Friday, December 23, 2016
Public Release: 5-Dec-2016
When permafrost melts, what happens to all that stored carbon?
Study shows massive release during past warming spike
The Earth Institute at Columbia University
The Arctic's frozen ground contains large stores of organic carbon that have been locked in the permafrost for thousands of years. As global temperatures rise, that permafrost is starting to melt, raising concerns about the impact on the climate as organic carbon becomes exposed. A new study is shedding light on what that could mean for the future by providing the first direct physical evidence of a massive release of carbon from permafrost during a warming spike at the end of the last glacial period.
The study, published this week in the journal Nature Communications, documents how Siberian soil once locked in permafrost was carried into the Arctic Ocean during that period at a rate about seven times higher than today.
"We know the Arctic today is under threat because of growing climate warming, but we don't know to what extent permafrost will respond to this warming. The Arctic carbon reservoir locked in the Siberian permafrost has the potential to lead to massive emissions of the greenhouse gases carbon dioxide and methane to the atmosphere," said study co-author Francesco Muschitiello, a post-doctoral research fellow at Columbia University's Lamont-Doherty Earth Observatory.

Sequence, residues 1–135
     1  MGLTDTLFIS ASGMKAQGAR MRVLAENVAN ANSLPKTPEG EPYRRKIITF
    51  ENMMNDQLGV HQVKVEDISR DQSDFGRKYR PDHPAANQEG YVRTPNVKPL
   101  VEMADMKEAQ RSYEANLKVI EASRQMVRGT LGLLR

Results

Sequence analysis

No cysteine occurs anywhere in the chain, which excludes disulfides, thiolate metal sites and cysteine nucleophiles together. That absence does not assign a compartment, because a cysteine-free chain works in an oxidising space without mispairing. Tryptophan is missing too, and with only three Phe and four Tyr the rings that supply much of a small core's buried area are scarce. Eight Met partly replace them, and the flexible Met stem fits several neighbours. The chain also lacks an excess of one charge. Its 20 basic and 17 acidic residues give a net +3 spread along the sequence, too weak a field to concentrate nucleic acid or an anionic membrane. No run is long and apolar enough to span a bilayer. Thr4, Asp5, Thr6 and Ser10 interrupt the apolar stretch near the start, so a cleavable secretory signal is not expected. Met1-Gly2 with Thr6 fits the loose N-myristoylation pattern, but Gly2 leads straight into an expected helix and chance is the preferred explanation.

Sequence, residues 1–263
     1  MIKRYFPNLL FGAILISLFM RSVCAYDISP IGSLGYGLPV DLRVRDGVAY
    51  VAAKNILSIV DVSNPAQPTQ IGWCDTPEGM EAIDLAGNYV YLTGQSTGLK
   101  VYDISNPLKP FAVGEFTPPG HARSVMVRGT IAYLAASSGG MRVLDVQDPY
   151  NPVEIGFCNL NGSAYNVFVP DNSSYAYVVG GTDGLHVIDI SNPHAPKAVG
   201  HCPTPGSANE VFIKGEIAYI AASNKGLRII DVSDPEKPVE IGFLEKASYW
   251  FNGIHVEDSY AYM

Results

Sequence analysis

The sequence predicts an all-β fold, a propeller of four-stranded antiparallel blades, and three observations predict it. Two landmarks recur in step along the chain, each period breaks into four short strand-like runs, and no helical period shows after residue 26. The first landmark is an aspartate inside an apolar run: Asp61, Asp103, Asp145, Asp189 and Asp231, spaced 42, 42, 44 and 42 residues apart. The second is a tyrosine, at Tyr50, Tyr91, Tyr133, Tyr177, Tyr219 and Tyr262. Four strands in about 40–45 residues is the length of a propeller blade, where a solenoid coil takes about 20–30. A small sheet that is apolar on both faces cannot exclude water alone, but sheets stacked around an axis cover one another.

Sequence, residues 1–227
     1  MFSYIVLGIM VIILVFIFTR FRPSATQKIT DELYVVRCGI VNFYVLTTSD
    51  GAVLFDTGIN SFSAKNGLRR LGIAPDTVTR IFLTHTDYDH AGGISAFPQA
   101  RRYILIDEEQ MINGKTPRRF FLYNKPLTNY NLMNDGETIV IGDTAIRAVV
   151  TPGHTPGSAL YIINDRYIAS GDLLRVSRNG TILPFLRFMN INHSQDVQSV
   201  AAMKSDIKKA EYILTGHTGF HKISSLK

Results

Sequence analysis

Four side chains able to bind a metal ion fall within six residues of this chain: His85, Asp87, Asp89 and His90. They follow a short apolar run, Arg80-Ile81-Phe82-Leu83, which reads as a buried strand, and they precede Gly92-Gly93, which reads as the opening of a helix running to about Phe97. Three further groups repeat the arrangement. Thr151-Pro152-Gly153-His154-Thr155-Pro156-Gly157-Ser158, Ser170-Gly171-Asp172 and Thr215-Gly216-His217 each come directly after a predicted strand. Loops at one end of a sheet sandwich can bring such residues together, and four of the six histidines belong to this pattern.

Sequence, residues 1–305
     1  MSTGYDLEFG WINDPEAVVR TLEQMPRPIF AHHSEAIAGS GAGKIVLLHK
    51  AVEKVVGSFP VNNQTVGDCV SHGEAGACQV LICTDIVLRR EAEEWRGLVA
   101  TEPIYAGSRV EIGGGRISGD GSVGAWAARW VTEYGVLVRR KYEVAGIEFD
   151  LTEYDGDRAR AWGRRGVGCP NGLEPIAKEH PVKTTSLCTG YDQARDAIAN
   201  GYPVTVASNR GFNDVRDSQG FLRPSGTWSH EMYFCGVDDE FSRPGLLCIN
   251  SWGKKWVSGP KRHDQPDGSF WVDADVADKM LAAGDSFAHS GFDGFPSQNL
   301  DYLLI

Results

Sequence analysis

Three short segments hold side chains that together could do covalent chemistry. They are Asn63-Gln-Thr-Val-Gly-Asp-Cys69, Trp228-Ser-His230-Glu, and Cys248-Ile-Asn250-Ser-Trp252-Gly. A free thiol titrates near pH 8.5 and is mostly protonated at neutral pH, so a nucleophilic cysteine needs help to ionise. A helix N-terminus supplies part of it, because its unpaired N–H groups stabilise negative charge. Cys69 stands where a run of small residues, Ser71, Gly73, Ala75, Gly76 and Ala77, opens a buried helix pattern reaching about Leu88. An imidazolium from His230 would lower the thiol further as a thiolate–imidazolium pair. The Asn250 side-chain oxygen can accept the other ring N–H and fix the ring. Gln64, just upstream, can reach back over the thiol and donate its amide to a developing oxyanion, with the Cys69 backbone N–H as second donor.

The new study looks at a parallel process, estimating the change in the amount of carbon released from permafrost by examining the amount of organic carbon that was washed from destabilized permafrost into the Lena River and out toward the Arctic Ocean. When permafrost starts to melt, its top "active layer" deepens and the soil loosens, allowing water to flow through it more easily, releasing greenhouse gases to the atmosphere and washing away stored carbon.
"The results indicate severe deepening of the active-layer permafrost in the watershed and release of previously frozen-lock soil carbon, which also implies enhanced microbial respiration of CO2 with important implications for carbon-climate feedback during climate warming," said lead author Tommaso Tesi, a researcher at the Italian National Research Council. Oceans also release CO2 from organic carbon.